Orange with Media Services, published on Sunday, November 20, 2022 at 11:43 am
Warm clothes, less meat and alcohol, more starches. The French are adapting to soaring prices.
Since the summer of 2021, galloping inflation has affected Europe and the world.
If France is relatively spared compared to certain neighbors, the consumption habits of many French people are modified. Focus on products that are a hit and those that consumers are giving up.
• Sweaters and down jackets benefit from lower heating
Between the necessary sobriety hammered by the government and the rise in energy prices, households are preparing to lower the heating. “Despite an autumn which is not too cold for the moment, it plays on the sales of scarves, sweaters, textiles allowing to maintain the heat …”, observes Yohann Petiot, general manager of the Alliance du Commerce, which represents clothing professionals.
The brand of down jackets Jott thus assured in a press release that its sales had increased by 30% between the end of September and the beginning of October, a figure she describes as “exceptional”. The Damart sign declared to theAFP to have recorded a 50% increase in sales of Thermolactyl technical underwear, “unheard of”.
• More pasta, less meat
In supermarkets, the trolleys are less full according to the panelists, in particular for the most modest households. Many French people favor “a single family dish” where meat is replaced by eggs or starchy foods, observes Lydia Rabine, analyst for the Kantar research institute.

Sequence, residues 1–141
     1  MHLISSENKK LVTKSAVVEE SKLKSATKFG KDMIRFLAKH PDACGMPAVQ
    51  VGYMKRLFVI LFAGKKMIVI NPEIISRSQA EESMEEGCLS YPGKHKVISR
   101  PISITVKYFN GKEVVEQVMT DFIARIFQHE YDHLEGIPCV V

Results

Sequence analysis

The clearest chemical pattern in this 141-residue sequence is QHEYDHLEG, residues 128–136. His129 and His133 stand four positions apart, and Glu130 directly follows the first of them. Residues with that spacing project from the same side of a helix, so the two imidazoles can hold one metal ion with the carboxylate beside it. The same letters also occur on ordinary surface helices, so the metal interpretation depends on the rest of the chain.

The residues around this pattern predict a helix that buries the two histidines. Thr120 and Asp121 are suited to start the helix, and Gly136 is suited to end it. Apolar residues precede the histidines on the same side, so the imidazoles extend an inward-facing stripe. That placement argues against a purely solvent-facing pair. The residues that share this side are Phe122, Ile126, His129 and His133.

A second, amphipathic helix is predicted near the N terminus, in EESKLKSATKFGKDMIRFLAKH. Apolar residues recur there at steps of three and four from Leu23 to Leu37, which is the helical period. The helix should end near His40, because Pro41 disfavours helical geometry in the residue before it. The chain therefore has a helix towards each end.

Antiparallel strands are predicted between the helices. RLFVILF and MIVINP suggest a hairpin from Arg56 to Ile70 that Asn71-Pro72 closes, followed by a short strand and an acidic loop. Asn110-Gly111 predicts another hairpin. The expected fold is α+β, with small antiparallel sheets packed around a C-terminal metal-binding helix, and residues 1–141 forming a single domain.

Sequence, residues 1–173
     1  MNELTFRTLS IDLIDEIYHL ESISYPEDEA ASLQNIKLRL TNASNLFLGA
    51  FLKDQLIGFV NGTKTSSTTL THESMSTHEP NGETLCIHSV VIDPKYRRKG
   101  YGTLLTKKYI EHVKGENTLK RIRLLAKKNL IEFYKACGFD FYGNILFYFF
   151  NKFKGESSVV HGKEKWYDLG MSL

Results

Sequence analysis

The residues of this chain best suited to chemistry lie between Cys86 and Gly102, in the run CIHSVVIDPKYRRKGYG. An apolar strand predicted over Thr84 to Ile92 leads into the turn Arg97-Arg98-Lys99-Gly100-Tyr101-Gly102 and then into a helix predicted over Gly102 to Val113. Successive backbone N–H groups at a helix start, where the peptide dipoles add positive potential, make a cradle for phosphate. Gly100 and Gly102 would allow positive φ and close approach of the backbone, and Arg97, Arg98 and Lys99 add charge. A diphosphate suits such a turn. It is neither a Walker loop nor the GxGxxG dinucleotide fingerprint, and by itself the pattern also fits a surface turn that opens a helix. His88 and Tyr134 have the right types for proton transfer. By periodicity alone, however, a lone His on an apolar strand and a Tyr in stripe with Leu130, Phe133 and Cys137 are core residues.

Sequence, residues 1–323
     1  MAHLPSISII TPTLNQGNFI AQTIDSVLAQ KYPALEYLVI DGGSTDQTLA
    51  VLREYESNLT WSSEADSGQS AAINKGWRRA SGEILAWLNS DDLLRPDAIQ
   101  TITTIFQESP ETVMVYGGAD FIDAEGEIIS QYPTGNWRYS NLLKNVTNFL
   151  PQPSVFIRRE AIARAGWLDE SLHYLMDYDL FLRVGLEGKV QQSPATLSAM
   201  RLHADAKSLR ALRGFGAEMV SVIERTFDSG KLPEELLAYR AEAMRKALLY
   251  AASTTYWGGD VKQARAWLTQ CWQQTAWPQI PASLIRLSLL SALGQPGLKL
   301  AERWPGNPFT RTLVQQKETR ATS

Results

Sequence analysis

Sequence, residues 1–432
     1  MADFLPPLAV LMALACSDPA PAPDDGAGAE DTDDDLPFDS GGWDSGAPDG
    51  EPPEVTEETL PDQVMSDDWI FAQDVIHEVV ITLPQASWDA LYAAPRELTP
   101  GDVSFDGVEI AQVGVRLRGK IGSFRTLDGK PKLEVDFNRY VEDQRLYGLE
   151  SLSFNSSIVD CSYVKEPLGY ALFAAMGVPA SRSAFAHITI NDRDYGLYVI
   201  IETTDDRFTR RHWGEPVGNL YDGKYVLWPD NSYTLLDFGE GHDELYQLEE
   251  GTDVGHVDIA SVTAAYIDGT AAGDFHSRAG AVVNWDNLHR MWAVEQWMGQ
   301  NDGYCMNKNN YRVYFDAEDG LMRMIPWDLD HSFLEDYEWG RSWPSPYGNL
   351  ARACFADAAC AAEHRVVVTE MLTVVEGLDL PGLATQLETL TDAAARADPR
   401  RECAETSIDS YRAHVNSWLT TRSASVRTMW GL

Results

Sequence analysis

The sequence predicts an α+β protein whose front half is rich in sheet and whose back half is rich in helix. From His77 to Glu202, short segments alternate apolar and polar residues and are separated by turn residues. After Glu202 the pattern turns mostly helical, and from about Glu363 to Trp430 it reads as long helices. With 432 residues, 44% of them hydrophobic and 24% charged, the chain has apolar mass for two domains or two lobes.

In the first half of 2022, the French consumed on average 1.5 kg of red meat and about a kg less poultry than at the same time last year, according to Kantar.
Its competitor Nielsen is also seeing a significant drop in sales of fresh produce in general, especially among families. “These are the products that cost the most and those that increase the most”, explains to theAFP analyst Nicolas Léger.
On the other hand, pasta, considered an economical food, is increasingly present at the table (+1.5% in volumes sold according to Nielsen). This increase is nevertheless concentrated on first price distributor brands, according to the manufacturer Panzani, which notes for its part a small drop in volumes sold.
• Distributor brands and “discounters” solicited
In supermarkets, “private labels”, created by the brands and generally less expensive, are gaining market share. Sales of their entry-level products are “dynamic”, according to Lydia Rabine. Those of their other products, more upscale, are also experiencing “an acceleration”, says the analyst. Same thing for “discount” brands like Lidl or Aldi, which gained, according to Kantar, 0.5 point of market share between the beginning of September and the beginning of October, compared to the same period last year.
Outside supermarkets, the postponement of purchases to entry-level brands “benefits Kiabi and Gémo rather than other players in the clothing sector and this is also true at Action and Gifi”, notes Emmanuel Le Roch, delegate general of the specialist trade federation Procos.
• Alcohol and beauty products set aside
Households, on the other hand, “cut on less essential products”, notes Nicolas Léger, while Nielsen data show a drop in purchases of alcohol and hygiene and beauty products, particularly marked among families. He notes that families tend to “postpone their purchases of alcohol to sugary sodas” to continue to have fun at a lower cost.
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